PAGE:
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Comment: trees cut down in the cities (Score 4, Interesting) 154

by lkcl (#49782843) Attached to: Heat Wave Kills More Than 1,100 In India

i visited bangalore in 2006, to see a friend living there. he explained that when the trees were cut down in the cities (so that more housing could be built), temperatures soared by an additional 10 *centigrade*. so, the ambient temperature surrounding the cities would be 45 degrees, but in bangalore it would reach *fifty five* centigrade. the point of mentioning this is that it's a much more direct version of how man has an effect on his immediate environment. change the landscape, you change the weather, it's as simple as that. we can learn from that... or simply die. it's our choice.

Comment: tried and failed... and prior art anyway (Score 1) 102

by lkcl (#49758065) Attached to: Cute Or Creepy? Google's Plan For a Sci-Fi Teddy Bear

hang on... didn't bunnie huang do the "chumby", and didn't barbie try doing something like this - putting an interactive wifi and mic aspect into one of their barbie dolls... with a huge back-lash as a result? so (a) why is there an expectation that this will succeed (b) why was the patent granted when there is clear prior art???

Comment: debian digital signing and the GPG keyring (Score 2) 94

by lkcl (#49749449) Attached to: NSA Planned To Hijack Google App Store To Hack Smartphones

this is why debian has the GPG key-signing parties, and why all packages are GPG-signed by the package maintainer when they compile it, why the ftp masters sign the package when it's uploaded, and why the release files which include the checksums of all the packages are also GPG-signed. under this scenario there are an extremely limited number of extremely paranoid methods by which debian may be compromised. even the scenario of "cooperation between long-term sleeper agents within debian's ranks" would have a one-shot opportunity to get away with introducing malicious code, following the discovery of which their GPG keys would be revoked, the perpetrators kicked out of debian, their packages pulled immediately pending a review, and the already-effective procedures reviewed to involve multi-person GPG signing that would make it even harder for compromise to occur in the future.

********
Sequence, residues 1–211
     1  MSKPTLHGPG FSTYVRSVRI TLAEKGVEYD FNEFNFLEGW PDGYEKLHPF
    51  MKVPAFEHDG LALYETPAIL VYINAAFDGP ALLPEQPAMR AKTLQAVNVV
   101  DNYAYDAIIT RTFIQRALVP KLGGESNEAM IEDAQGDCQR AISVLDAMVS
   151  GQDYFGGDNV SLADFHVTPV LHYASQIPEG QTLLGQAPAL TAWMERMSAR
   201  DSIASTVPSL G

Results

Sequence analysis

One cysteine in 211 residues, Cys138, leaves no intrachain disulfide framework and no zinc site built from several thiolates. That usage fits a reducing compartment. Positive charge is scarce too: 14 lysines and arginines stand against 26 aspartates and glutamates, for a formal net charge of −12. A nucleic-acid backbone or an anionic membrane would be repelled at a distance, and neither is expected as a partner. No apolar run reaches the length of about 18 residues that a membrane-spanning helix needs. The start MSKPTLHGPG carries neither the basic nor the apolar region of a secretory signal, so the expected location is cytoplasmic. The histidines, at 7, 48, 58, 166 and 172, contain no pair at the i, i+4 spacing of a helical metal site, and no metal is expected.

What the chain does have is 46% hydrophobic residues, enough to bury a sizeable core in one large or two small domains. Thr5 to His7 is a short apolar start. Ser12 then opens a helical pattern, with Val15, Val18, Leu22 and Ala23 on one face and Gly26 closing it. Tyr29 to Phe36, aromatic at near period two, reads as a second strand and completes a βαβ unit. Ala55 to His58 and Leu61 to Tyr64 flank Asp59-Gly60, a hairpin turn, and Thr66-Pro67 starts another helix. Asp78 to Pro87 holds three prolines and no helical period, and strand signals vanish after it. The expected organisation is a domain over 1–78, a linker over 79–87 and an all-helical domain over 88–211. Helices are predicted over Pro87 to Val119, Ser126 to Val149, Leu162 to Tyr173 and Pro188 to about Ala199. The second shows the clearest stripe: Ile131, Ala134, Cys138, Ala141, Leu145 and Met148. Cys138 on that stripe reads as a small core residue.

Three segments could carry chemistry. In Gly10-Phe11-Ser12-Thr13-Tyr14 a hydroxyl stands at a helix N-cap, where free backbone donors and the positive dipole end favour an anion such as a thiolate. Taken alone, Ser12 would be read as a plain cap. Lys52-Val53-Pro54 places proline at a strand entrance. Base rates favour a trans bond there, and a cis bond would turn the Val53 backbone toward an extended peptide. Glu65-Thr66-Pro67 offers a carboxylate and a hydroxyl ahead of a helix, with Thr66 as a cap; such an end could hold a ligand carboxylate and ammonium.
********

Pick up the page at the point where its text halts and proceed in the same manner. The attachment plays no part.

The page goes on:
now, if you recall, there was an announcement a couple of years back that the development of Mozilla's B2G was declared to be "open" to all, so i contributed with a thorough security-conscious review of how to do package distribution. it turns out that Mozilla is *NOT* open - at all. several other contributors have learned that the Mozilla Foundation is in direct violation of its charter.

basically, the Mozilla Foundation *completely* ignored the advice that i gave - which was that the use of SSL as a distribution mechanism would be vulnerable to *exactly* the kinds of attacks that we see the NSA attempting to do on google. they went so far as to enact censorship, preventing and prohibiting me from pointing out the severe security flaws inherent in their chosen method of package distribution. i remain deeply unimpressed with many aspects of so-called "open-ness" of well-funded software libre projects.

Comment: correlation between gravity and length of day (Score 1) 95

just to throw an appropriate spanner in the works, it's worthwhile mentioning the above article which notes a significant statistical correlation between variations in the measurement of the effect known as "gravity", and the (appx) 6.5 year cyclic variation of the earth's length of day.

now, before you go all "ooer" or "waah! gravity varies! we're all gonna dieeee spinning off into space", it's worthwhile pointing out that the author mentions, in the conclusion, that there *might* be some sort of unknown systemic errors in (a) how gravity is measured (b) how the length of day is measured which *happen* to coincide and give the *impression* that there is a statistical correlation between gravitational variation and the length of the earth's day. he does however state that in light of how the measurements are taken it would seem to be very unlikely that there are such systemic errors.

so, anyway, the point is: gravity appears not to be as simple as we assumed, hence why some long-distance space probes (Pioneer for example) have anomalous unexplained behaviour.

Comment: Re:Sociopath (Score 1) 170

You'd find that people who aren't training to be pros, but work out that much, are probably more common than you think.

yep - count me in. i'm currently up to about the same level of exercise as you - about 2 hours a day: tennis or street-skating. tennis is for my eyes - and the social interaction. street-skating is because i find the explosive (sprinting) nature of tennis is causing huge knots in my arm and leg muscles. without this, i am... yeah, not a nice person either :)

Comment: Tennis and Computing (Score 2, Interesting) 170

by lkcl (#49687731) Attached to: John Urschel: The 300 Pound Mathematician Who Hits People For a Living